In all cases an intermediate nickel coating is used for protection in order to prevent diffusion of the material.
Hard gold has a passive surface, so it is an ideal electrical contact partner with very good chemical resistance. The special gold alloy, with a micro hardness of up to 400 HV, is much harder than pure gold, but there are limits with regard to wear behaviour. The abrasion behaviour can be influenced positively if the conditions of use are optimised, for example by the avoidance of radial movements.
Rhodium is one of the platinum metals. A very high level of wear resistance is achieved because of the very high degree of hardness of up to 1000 HV. However, because of the stored oxygen, a higher level of layer brittleness must be expected. This problem can be reduced by means of a special layer build-up and reduced layer thicknesses. However, rhodium plating is unsuitable when heavy impact loads are involved. If the brittle and very thin rhodium layer is damaged, this may have a negative effect on the initially good electrical contact characteristics.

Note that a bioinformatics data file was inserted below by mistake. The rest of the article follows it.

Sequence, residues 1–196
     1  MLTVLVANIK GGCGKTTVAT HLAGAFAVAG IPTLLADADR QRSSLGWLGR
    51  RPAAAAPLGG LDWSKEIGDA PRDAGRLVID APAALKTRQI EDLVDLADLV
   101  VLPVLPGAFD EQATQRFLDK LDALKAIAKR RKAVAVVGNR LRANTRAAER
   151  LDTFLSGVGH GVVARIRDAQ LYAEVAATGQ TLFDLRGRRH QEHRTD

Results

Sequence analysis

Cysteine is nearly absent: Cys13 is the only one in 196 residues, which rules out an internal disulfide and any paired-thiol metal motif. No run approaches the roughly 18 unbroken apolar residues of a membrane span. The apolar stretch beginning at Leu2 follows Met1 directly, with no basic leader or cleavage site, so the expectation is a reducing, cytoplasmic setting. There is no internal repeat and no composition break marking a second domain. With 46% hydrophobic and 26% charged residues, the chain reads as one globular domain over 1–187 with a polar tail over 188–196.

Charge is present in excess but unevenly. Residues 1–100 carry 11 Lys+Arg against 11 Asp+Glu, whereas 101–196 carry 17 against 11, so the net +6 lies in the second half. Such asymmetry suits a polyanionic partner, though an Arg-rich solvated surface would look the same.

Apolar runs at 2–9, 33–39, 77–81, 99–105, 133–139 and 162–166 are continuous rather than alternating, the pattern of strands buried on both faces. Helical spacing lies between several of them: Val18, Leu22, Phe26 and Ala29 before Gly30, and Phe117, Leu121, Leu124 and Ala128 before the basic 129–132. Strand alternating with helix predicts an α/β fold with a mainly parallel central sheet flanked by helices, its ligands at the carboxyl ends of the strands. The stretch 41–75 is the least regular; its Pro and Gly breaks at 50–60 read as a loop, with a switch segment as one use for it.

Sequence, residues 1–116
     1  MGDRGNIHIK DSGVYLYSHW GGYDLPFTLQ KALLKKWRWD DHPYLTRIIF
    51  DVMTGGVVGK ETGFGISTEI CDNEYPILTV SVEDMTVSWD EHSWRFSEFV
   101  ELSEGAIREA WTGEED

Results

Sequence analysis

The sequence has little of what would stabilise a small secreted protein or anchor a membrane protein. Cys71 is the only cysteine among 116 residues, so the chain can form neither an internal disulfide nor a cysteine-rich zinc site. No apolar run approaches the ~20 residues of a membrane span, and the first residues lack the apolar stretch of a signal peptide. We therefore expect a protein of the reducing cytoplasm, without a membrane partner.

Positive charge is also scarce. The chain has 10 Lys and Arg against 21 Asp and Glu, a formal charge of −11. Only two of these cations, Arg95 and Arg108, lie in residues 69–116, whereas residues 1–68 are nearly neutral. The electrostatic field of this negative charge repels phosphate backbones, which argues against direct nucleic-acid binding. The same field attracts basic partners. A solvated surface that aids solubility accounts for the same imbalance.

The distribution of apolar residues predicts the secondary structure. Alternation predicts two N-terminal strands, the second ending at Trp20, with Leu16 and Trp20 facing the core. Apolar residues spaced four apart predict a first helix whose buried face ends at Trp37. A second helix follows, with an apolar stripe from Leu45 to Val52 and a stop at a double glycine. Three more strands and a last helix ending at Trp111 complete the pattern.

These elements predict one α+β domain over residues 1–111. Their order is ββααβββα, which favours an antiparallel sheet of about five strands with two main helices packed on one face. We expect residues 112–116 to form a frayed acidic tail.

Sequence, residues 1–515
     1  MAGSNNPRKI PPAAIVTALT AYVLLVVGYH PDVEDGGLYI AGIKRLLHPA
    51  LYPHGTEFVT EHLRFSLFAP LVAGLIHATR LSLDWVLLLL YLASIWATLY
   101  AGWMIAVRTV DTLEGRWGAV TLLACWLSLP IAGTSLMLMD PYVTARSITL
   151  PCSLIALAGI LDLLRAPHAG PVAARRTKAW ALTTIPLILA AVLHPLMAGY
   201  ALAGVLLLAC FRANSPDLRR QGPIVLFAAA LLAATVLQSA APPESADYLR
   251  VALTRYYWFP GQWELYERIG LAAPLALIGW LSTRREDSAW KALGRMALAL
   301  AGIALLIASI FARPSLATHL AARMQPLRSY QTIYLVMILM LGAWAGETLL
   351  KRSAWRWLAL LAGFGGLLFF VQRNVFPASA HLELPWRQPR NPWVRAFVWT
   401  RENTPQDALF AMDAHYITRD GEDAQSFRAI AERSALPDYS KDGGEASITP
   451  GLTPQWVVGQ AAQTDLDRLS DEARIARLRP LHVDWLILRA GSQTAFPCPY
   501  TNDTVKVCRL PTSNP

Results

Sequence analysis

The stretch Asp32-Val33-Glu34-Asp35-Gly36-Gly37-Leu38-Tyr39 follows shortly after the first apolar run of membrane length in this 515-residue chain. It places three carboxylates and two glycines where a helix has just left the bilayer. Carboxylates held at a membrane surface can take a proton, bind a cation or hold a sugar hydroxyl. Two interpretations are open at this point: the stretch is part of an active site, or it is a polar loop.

Nickel is distinguished by even layer deposition with excellent contour accuracy, which is especially advantageous for the function of pointed tips and sharp-edged tip styles. This nickel-plating has a micro hardness of approx. 600 HV, which can, as an option, be increased to 1000 HV and more by means of subsequent heat treatment. This is accompanied by very good wear resistance. Maximum corrosion resistance is achieved by the intercalation of phosphorus. However, the resulting inactive surface does not result in such good contacts as those of gold or rhodium.
Silver provides the best electrical conductivity among metals, which is why it is used, for example, for high-current applications. In this case, the spring of the test probe used is silver-coated in order to increase conductivity. In addition, some of the probe tips in the high-current range are fitted with caps made of a silver alloy, because this prevents restrictions to the conductivity caused by contact pitting.